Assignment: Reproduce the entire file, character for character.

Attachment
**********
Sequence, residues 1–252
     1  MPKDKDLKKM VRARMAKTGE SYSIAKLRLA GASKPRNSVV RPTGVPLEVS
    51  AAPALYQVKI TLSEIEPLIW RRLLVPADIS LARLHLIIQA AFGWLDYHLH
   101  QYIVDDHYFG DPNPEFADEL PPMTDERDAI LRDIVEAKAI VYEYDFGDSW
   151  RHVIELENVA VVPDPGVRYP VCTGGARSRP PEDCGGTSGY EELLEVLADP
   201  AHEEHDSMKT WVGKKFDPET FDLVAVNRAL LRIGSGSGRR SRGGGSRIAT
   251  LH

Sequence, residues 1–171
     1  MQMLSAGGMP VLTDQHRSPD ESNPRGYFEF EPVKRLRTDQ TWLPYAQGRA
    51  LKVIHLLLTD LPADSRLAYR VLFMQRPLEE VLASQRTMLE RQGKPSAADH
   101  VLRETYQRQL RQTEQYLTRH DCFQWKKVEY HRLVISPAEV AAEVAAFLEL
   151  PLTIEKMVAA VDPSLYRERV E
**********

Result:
Sequence, residues 1–252
     1  MPKDKDLKKM VRARMAKTGE SYSIAKLRLA GASKPRNSVV RPTGVPLEVS
    51  AAPALYQVKI TLSEIEPLIW RRLLVPADIS LARLHLIIQA AFGWLDYHLH
   101  QYIVDDHYFG DPNPEFADEL PPMTDERDAI LRDIVEAKAI VYEYDFGDSW
   151  RHVIELENVA VVPDPGVRYP VCTGGARSRP PEDCGGTSGY EELLEVLADP
   201  AHEEHDSMKT WVGKKFDPET FDLVAVNRAL LRIGSGSGRR SRGGGSRIAT
   251  LH

Sequence, residues 1–171
     1  MQMLSAGGMP VLTDQHRSPD ESNPRGYFEF EPVKRLRTDQ TWLPYAQGRA
    51  LKVIHLLLTD LPADSRLAYR VLFMQRPLEE VLASQRTMLE RQGKPSAADH
   101  VLRETYQRQL RQTEQYLTRH DCFQWKKVEY HRLVISPAEV AAEVAAFLEL
   151  PLTIEKMVAA VDPSLYRERV E